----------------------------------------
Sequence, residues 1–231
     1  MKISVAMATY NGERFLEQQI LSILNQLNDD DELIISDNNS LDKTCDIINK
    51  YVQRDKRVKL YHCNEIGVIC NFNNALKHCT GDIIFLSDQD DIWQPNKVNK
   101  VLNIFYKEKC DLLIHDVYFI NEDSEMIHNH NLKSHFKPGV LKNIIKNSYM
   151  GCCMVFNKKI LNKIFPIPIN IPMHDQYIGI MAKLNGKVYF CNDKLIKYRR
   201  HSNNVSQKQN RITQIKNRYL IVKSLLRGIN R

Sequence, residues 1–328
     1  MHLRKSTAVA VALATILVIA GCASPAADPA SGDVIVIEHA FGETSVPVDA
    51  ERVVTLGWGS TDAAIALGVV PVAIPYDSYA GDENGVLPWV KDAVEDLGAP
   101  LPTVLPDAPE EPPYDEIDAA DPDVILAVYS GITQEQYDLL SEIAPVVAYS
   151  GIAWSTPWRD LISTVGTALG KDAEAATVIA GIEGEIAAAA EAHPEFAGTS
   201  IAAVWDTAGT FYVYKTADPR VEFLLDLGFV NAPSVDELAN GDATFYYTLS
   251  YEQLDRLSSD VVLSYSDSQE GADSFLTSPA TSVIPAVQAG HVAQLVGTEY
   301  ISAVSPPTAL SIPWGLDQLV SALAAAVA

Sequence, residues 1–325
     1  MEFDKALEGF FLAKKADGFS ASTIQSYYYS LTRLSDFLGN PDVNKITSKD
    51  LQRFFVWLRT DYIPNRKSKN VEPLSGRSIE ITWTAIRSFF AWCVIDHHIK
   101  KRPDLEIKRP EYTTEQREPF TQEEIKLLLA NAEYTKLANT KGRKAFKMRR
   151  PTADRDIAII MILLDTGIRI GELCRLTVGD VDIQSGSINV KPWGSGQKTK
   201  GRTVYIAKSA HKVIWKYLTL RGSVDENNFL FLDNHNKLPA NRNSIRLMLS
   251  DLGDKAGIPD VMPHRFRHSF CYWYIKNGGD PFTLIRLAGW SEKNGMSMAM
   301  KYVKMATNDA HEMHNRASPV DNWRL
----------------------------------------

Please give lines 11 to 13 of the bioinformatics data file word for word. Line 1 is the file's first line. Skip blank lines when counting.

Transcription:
   151  GIAWSTPWRD LISTVGTALG KDAEAATVIA GIEGEIAAAA EAHPEFAGTS
   201  IAAVWDTAGT FYVYKTADPR VEFLLDLGFV NAPSVDELAN GDATFYYTLS
   251  YEQLDRLSSD VVLSYSDSQE GADSFLTSPA TSVIPAVQAG HVAQLVGTEY